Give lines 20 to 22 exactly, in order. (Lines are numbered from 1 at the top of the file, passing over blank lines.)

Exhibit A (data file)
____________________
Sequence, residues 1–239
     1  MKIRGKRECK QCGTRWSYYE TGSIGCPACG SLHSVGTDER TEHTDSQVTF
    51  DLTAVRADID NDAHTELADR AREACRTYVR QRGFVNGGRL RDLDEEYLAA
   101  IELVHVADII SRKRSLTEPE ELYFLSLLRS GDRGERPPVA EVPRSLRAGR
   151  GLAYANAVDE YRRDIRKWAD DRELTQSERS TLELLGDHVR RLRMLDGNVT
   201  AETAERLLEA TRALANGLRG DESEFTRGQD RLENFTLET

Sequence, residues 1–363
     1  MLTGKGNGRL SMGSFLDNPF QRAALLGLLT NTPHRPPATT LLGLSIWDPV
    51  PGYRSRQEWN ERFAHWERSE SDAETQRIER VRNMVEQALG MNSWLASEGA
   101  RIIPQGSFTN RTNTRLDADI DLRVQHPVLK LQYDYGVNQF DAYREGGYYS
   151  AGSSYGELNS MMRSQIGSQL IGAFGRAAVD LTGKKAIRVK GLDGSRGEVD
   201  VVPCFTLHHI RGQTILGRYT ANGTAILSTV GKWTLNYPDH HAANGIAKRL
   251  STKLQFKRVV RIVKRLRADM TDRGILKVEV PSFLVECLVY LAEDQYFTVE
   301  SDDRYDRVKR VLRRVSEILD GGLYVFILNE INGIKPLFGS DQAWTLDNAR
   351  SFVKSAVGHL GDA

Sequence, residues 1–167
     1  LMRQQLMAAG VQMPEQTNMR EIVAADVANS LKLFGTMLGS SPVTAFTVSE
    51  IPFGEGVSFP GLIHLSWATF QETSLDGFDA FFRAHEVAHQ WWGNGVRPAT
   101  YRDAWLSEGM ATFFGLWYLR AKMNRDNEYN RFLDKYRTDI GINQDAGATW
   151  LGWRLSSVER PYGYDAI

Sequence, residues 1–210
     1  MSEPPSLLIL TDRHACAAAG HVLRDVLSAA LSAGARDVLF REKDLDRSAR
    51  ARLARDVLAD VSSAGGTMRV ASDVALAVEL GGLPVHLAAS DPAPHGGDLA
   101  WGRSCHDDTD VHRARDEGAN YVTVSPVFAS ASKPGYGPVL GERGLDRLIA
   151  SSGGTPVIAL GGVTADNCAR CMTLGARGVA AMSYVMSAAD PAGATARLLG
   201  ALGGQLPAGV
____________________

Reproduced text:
   151  LGWRLSSVER PYGYDAI

Sequence, residues 1–210
     1  MSEPPSLLIL TDRHACAAAG HVLRDVLSAA LSAGARDVLF REKDLDRSAR